The Best of Joe R. Lansdale — (2010) Publisher: By turns absurd, hilarious, and terrifying, this outrageous collection features the best writings of the high priest of Texan weirdness. Horny steam-shovels, odd-ball detectives, malicious rocks, spectral prehistoric fish, and vampire hunters permeate these vividly detailed stories. Featuring cult-classic award-winning tales such as ‘The Night They Missed the Horror Show,’ ‘Mad Dog Summer,’ and ‘Dog,’ along with non-fiction forays into drive-in theaters and low budget films, this dynamic retrospective represents the broad spectrum of Lansdale’s career. ‘Bubba Hotep’ — the tale of Elvis, John F. Kennedy, and a soul-sucking mummy, which was made into an award-winning film — is included along with the acclaimed novella, ‘On the Far Side of the Cadillac Desert with Dead Folks,’ and never before collected works. Original, compelling, and downright odd, this unforgettable compilation is essential reading for fans of horror, mystery, and southern gothic.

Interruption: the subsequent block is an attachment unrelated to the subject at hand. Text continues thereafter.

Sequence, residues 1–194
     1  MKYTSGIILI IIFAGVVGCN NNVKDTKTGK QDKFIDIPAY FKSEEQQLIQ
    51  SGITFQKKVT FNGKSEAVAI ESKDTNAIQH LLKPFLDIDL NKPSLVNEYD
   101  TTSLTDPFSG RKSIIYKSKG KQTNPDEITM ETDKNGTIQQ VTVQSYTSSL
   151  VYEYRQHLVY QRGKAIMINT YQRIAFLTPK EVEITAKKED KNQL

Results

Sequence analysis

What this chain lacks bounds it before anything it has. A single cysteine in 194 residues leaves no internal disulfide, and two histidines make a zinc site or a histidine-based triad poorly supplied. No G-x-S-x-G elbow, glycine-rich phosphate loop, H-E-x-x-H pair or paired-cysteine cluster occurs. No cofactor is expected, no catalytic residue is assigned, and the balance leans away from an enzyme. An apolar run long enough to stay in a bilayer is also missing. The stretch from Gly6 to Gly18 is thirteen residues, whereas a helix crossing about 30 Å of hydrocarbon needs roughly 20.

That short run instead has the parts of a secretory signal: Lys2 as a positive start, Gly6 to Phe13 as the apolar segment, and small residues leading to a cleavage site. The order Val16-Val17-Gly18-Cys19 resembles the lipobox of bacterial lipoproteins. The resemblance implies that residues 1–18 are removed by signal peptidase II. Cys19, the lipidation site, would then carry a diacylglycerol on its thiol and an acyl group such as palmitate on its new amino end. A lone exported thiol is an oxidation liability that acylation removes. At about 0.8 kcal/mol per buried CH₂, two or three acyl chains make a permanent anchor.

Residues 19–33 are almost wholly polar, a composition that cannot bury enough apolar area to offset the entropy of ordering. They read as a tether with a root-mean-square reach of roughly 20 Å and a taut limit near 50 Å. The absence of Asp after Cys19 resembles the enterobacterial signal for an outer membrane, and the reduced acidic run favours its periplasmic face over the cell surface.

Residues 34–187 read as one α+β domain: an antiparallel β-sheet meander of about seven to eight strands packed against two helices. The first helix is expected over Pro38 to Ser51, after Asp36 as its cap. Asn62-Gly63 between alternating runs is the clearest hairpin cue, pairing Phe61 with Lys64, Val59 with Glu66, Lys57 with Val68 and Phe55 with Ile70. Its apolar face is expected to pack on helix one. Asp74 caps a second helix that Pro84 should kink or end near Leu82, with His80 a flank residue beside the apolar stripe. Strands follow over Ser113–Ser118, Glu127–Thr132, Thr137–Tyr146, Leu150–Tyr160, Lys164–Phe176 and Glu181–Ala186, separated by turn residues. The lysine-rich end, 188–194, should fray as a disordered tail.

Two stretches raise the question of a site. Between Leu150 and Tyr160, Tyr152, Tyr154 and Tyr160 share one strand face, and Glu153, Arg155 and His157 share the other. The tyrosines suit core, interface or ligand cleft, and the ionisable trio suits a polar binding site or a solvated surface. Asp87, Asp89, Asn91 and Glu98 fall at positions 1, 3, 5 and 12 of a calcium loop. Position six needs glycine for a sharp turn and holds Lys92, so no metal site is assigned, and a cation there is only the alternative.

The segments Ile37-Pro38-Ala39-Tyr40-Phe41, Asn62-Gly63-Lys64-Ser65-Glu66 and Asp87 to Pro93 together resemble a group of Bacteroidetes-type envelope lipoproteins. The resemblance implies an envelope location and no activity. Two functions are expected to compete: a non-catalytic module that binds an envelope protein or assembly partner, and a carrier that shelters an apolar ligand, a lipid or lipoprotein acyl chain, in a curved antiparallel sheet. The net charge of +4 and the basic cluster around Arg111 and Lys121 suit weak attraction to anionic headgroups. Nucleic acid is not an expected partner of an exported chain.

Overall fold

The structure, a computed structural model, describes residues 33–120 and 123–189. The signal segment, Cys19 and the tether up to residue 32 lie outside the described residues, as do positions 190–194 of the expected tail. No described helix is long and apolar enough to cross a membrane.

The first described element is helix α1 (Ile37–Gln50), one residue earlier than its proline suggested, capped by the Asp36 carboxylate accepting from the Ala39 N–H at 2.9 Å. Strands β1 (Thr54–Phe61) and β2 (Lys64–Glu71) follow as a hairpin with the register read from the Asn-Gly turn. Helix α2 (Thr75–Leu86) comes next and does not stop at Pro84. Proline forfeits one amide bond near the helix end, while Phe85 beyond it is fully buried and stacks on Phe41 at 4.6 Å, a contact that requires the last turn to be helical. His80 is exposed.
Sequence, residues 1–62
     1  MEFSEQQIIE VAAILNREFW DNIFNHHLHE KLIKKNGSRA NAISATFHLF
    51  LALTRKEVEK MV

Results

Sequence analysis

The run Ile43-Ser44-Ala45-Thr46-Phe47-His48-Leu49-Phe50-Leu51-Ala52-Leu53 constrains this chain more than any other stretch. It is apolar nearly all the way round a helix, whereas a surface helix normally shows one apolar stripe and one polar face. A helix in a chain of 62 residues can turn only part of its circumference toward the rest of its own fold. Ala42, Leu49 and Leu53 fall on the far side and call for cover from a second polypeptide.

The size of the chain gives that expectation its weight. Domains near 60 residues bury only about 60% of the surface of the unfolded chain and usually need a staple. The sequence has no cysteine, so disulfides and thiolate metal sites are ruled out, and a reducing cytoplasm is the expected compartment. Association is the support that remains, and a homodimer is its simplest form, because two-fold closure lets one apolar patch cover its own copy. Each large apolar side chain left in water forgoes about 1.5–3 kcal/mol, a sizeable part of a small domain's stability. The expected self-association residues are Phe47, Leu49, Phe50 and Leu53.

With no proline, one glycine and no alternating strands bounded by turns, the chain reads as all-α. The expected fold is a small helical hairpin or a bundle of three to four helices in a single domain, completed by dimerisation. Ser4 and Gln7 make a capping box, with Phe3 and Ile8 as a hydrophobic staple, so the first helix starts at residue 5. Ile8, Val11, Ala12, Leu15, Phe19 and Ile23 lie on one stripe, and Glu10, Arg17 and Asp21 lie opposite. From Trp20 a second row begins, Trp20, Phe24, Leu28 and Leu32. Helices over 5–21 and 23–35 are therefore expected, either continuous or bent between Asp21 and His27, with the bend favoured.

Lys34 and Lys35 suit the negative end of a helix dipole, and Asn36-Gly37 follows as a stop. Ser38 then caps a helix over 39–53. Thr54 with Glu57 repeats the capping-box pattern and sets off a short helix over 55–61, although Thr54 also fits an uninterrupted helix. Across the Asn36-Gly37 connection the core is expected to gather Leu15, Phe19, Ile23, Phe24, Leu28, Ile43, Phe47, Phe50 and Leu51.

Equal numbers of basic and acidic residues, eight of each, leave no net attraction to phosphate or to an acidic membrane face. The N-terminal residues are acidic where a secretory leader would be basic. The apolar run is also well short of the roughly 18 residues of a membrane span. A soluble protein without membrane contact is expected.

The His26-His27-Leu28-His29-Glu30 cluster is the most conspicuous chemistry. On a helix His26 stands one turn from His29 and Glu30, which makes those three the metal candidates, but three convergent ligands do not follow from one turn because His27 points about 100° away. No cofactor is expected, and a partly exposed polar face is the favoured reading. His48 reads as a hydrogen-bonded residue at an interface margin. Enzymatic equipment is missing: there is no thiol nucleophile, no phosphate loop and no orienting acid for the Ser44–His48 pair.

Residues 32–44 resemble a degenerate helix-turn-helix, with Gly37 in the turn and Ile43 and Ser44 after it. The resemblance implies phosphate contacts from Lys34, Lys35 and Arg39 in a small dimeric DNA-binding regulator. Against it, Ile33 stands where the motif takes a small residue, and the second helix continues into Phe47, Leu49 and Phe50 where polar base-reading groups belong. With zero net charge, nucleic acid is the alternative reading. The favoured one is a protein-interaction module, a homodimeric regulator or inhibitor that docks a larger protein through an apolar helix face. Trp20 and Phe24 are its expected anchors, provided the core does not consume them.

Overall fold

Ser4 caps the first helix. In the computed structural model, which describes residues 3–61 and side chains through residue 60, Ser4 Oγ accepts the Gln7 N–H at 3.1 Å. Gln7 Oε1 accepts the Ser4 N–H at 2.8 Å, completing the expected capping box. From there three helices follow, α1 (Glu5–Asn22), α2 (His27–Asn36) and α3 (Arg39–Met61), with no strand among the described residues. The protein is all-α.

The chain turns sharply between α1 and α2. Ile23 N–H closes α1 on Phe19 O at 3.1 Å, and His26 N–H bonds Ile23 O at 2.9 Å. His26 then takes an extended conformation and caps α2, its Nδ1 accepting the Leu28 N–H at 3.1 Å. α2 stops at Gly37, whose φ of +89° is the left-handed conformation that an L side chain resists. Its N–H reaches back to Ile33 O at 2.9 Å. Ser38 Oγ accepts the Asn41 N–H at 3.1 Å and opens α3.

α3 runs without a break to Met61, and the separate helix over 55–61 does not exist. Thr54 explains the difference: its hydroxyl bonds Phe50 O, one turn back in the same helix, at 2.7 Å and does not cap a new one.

Crucified Dreams — (2011) Publisher: Crossing noir with the supernatural, this luridly visceral anthology attacks polite society and plunges into the unthinkable horrors lurking in its underbelly. Searching for some beauty in a time of increasing poverty and neglect, the desperate are all the more menacing, and in a brief moment, ordinary people turn into something far less human. Offering stylish yet savage tales of private dicks, serial killers, lurking demons, and femme fatales, these surreal and often bloody tales provide glimpses into sinister worlds that mirror our own. Boasting an intriguing assortment of stories from celebrated authors such as Harlan Ellison, David Morrell, and the infamous editor himself, each gritty and sensational undertaking proves that being human is a far cry from being civilized.